The past year was a banner year for the oil and gas sector as prices rallied
to decade highs. Investing News published a list of things to look out for in
the coming year.
A resurgence in demand following pandemic lockdowns converged with
supply disruptions caused by sanctions on Russia, driving West Texas
Intermediate and Brent crude to $120 per barrel during the first half of the
year. Values began to trend lower in H2, leaving both crude types on
course to end the year in the same price territory as they started.
Meanwhile, European natural gas supply faced hurdles as Russia’s
invasion of Ukraine infused global markets and economies with uncertainty.
By August, prices for the fuel used to heat homes had reached a 14 year
high of $9.71 MMBtu.
Investing News quoted FocusEconomics claiming the war severely
disrupted energy supply out of Russia, which last year accounted for more
than 10 percent of world crude supply and 40 percent of Europe’s natural
gas imports.
“Most of the volatility seen in oil prices this year was caused by the
announcement of Russia’s invasion of Ukraine — with prices spiking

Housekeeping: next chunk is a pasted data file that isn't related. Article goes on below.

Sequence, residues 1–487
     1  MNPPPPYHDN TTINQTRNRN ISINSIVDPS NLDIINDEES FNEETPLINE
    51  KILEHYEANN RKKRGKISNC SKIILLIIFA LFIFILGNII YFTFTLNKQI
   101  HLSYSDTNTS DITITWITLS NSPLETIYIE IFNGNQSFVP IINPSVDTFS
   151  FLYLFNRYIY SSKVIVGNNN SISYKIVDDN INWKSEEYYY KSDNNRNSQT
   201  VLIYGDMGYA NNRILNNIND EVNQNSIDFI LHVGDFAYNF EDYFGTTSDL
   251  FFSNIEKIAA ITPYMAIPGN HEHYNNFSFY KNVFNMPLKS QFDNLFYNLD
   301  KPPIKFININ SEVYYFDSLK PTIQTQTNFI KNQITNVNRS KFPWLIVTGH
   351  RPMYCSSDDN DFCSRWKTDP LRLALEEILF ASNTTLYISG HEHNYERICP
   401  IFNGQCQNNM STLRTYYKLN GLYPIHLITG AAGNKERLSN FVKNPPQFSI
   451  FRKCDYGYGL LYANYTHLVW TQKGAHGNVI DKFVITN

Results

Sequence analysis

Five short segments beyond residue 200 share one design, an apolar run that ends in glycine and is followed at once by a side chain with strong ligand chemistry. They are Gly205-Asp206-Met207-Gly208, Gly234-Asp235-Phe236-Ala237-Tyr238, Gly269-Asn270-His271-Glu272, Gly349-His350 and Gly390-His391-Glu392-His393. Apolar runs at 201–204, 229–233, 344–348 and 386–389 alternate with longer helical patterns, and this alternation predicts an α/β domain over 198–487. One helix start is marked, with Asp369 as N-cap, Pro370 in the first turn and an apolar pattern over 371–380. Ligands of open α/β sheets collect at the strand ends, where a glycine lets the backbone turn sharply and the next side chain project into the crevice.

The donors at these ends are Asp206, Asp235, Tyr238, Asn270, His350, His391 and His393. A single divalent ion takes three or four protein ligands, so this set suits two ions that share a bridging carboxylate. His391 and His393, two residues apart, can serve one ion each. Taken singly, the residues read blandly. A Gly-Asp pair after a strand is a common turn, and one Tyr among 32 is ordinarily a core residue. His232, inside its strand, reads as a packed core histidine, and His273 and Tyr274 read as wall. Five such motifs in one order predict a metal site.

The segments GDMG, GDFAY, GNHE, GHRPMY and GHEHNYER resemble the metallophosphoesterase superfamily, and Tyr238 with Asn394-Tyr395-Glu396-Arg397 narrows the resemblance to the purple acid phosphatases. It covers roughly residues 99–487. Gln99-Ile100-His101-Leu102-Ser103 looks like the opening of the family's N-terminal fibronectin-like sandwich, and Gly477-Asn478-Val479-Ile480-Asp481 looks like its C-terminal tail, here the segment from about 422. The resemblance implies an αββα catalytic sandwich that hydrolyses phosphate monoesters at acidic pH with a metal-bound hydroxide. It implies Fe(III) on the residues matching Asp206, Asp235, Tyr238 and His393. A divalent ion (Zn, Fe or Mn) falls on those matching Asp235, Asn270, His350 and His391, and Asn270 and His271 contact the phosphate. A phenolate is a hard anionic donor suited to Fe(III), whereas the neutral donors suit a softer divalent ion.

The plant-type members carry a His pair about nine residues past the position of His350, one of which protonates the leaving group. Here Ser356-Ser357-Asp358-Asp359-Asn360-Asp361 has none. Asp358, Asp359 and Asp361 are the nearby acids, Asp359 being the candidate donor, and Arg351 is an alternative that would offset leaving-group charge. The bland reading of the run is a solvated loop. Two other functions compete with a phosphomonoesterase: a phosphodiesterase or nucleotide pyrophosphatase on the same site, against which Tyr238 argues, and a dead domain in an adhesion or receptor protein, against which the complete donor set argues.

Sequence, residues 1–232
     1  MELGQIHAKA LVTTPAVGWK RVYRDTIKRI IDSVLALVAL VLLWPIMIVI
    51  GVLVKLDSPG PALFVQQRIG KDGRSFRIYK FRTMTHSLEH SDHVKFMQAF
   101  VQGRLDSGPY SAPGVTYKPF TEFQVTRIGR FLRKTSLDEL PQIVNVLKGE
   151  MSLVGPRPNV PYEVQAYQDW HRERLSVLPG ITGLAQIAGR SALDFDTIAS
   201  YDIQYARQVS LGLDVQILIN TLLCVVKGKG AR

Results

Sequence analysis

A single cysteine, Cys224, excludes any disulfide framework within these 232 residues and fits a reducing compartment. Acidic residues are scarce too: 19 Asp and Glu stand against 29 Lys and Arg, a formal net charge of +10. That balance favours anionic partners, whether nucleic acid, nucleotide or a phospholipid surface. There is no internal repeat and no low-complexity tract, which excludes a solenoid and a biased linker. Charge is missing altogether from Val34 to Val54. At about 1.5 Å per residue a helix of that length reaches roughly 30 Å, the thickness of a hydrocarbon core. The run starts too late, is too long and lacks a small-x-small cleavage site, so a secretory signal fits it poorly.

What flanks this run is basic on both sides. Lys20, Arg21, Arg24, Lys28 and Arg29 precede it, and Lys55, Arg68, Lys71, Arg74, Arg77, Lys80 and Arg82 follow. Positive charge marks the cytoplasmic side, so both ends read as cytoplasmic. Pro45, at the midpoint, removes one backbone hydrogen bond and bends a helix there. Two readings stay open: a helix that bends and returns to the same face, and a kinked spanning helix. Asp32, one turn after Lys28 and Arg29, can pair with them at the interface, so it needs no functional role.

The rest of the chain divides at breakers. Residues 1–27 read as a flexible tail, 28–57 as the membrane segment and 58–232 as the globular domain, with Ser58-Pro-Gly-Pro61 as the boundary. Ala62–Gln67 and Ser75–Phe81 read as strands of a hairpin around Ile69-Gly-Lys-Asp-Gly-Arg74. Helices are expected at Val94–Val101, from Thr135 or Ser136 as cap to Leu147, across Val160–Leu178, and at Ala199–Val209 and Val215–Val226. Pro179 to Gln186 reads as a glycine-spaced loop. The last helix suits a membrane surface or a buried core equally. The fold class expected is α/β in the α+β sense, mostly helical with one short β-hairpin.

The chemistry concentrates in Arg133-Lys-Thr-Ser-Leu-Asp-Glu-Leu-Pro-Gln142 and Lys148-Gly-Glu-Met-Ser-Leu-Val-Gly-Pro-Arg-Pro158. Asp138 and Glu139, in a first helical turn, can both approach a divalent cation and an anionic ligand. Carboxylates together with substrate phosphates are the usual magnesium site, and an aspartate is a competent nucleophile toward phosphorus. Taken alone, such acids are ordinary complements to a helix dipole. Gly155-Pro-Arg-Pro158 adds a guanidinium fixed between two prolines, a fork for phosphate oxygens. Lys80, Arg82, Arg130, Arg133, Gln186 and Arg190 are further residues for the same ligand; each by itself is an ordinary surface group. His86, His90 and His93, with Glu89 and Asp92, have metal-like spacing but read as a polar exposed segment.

around 30 percent by early March — and the later announcement of
sanctions by western countries and their allies. With a major escalation of
the war involving NATO unlikely, and most significant sanctions already
announced, the war is less likely to cause prices to spike or plummet as
sharply as in 2022,” FocusEconomics panelist Matthew Cunningham said.
Amid high inflation and rising interest rates, the global economic outlook
has worsened and pushed energy prices lower. Prices for crude fell below
$90 in November and have remained at that level since.
“It’s basically at a year-to-date low,” Mercenary Geologist Mickey Fulp said.
“A lot of that has to do with lockdowns in China decreasing demand, and
high gas prices have decreased demand in the US.”
“With the winter set to aggravate China’s COVID problems and Europe’s
natural gas crisis, the global growth outlook remains depressed, but we do
not see the global economy at imminent risk of sliding into recession in
early 2023. The financial conditions drag is being cushioned by a fading of
supply chain and commodity price shocks,” wrote Bruce Kasman, head of
economic and policy research at JPMorgan.
It is worth noting that 2022’s high inflation and strict monetary policy have
shrunk global GDP growth by almost half, from 6 percent in 2021 to 3.2
percent. That number is forecast to contract to 2.7 percent in 2023,
representing the weakest growth period since 2001.
Oil and gas supply questions to persist
With sanctions on Russia — the third largest oil-producing nation —
impeding output from that country, the world has looked to the Organization
of the Petroleum Exporting Countries (OPEC) to ramp up production.
In November, OPEC production contracted by 310,000 barrels per day.
The 11th month of the year also saw the oil cartel fail to meet its projected
quota by as much as 1.81 million barrels per day. On the flip side LNG